Imagine this scenario: Awhile back, you got into a pretty serious car accident. Your recovery included a few surgeries and outpatient visits, not to mention countless hours of physical therapy. Right now, you are miles ahead of where you started, but still not quite able to go back to work.
During your recovery, you have been drawing on first the short-term disability and then long-term disability benefits provided by your employer. However, you just received notice that your benefits are being discontinued because your employer’s insurance policies have changed, and now you are in fact required to pay back all of last year’s benefits due to overpayment.
Is this even legal?
ERISA claims 101
The short and standard lawyerly answer to this question is that it depends. What you likely have is an ERISA claim. You may have come across this term while doing some initial research into what options you have for fighting this sudden denial of benefits.
The Employment Retirement Income Security Act (ERISA) of 1974 governs what employers can and cannot do in relation to certain benefits they provide for employees. Those benefits include retirement benefits like pensions or 401(k)s, health insurance benefits, disability benefits and life insurance benefits.
In general, ERISA requires employers to provide a number of things, including:
- Clear information about the various plans offered and how they’re funded
- Accountability for plan managers or those who control assets in the plan (often referred to as fiduciary responsibility, as we discussed back in February)
- A process for and information on appealing denied claims or addressing grievances about benefits management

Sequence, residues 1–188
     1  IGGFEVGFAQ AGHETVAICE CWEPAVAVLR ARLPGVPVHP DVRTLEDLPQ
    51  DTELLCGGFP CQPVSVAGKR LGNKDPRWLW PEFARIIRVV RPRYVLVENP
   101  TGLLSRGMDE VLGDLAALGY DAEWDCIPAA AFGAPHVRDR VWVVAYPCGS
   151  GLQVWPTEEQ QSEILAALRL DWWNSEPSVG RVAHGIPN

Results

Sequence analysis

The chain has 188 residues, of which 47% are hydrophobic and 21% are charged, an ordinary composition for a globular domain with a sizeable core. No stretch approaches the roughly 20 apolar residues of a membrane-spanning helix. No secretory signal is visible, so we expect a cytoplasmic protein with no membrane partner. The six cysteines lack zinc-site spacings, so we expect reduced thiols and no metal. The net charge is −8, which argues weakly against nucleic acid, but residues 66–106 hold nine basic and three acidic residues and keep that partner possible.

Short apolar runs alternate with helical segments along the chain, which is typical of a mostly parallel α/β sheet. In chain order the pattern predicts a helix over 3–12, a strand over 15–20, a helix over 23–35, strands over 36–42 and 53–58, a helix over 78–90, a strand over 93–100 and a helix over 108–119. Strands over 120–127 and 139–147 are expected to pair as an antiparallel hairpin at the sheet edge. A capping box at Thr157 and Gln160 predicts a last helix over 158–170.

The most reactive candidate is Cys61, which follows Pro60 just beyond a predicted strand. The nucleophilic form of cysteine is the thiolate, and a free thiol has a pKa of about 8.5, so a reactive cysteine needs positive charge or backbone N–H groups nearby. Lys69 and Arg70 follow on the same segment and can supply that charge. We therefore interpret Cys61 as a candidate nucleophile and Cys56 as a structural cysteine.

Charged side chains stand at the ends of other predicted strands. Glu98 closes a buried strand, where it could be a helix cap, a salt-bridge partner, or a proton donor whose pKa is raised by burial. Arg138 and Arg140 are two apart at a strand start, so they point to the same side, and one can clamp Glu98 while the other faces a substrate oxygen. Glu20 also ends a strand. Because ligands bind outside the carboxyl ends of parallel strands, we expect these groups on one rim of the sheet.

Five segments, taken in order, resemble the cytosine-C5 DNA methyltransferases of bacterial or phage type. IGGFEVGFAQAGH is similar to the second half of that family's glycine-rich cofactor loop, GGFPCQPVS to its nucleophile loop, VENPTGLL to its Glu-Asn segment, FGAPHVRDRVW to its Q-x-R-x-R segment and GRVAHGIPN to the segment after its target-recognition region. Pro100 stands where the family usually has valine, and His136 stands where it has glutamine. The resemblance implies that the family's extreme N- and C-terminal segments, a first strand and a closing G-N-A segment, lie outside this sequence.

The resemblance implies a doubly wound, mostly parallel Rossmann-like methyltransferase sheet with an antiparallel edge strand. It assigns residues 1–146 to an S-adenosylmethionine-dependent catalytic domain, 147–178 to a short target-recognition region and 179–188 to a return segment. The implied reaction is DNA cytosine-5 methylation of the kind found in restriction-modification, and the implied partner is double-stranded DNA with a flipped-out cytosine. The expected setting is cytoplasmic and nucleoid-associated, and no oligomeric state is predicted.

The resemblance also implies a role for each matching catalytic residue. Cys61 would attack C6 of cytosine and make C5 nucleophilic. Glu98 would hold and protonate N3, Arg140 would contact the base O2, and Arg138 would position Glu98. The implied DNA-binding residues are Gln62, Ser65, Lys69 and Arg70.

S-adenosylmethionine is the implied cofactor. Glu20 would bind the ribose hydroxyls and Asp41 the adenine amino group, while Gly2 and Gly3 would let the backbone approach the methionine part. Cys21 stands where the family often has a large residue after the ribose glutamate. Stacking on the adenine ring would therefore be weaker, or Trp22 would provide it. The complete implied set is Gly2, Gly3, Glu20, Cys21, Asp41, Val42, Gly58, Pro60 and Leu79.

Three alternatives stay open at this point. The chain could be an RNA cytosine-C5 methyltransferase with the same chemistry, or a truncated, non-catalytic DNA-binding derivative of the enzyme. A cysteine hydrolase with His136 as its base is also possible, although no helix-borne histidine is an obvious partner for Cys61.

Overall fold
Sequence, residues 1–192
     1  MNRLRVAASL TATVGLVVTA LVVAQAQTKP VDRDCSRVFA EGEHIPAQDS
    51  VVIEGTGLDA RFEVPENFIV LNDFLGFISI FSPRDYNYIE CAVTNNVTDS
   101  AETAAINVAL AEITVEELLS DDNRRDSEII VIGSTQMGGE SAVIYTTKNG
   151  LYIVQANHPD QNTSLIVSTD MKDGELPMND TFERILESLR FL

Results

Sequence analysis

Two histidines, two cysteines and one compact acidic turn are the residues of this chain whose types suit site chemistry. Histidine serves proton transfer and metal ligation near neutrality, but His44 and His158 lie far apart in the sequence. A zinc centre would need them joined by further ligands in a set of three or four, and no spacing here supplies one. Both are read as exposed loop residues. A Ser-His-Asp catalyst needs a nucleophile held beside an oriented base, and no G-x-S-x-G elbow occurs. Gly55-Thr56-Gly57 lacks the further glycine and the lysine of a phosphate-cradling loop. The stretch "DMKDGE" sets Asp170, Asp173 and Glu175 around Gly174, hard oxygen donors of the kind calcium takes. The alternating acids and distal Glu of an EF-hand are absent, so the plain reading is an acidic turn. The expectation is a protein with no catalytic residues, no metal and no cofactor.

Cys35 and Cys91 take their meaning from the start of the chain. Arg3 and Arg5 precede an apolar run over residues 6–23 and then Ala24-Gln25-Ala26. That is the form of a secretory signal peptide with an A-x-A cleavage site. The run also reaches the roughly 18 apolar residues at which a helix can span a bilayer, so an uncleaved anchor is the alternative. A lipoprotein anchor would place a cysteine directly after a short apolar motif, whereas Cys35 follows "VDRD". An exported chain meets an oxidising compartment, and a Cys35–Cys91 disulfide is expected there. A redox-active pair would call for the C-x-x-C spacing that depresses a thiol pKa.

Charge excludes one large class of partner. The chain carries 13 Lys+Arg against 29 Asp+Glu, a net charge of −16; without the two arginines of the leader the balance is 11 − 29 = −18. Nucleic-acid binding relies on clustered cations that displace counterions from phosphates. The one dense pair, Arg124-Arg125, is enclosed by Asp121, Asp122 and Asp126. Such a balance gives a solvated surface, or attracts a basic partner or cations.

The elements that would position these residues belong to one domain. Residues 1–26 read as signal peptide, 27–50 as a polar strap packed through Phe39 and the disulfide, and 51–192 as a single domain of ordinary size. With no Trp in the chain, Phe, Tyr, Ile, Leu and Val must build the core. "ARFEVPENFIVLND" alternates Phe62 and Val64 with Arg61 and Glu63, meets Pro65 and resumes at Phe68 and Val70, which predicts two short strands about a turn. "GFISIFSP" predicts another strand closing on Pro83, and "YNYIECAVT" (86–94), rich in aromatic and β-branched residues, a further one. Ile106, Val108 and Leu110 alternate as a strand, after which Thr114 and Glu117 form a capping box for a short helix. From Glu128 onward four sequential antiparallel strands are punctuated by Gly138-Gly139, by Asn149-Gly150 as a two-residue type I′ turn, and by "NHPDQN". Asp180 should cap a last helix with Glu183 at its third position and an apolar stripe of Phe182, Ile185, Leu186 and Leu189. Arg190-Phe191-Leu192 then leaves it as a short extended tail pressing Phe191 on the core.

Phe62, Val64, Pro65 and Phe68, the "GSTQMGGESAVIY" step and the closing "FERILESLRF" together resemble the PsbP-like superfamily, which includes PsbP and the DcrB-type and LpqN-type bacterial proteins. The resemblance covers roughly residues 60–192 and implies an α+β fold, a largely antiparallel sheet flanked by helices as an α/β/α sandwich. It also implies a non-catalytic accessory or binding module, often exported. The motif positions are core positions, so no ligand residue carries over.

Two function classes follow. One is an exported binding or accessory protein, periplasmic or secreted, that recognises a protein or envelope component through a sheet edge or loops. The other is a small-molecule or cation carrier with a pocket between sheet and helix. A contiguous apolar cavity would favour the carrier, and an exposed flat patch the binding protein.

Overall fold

- Protection from retaliation should employees exercise their right to sue for benefits or because of breach of fiduciary duty
In the scenario above, then, it’s possible that your employer’s insurer is within its rights to terminate benefits, but it depends on the language in your policy. This is where a lawyer who regularly helps employees with disability benefits issues can help you. He or she can review your policy and other documents carefully and help you determine whether you have a leg to stand on. If you do, he or she can help you gather the appropriate medical documentation and evidence needed to make your appeal.
Important considerations when filing an ERISA appeal
Unlike appeals for Social Security Disability benefits or private long-term disability benefits, ERISA appeals have a few caveats that you should be aware of:
- You may not file a civil lawsuit until you have exhausted all administrative options for appeal.
- Any lawsuits are determined by a bench trial, or a trial held only before a judge. ERISA lawsuits are not eligible for jury trials.
- You cannot seek additional damages beyond what is covered in your plan. Private LTD claims allow you to seek punitive damages for breach of fiduciary duty, for example, but in an ERISA claim, such damages are not available.
Most importantly, you must file an ERISA appeal within 180 days of having your claim denied. Furthermore, if you do not include all pertinent medical records and other evidence in your initial filing, it cannot be added later if litigation becomes necessary.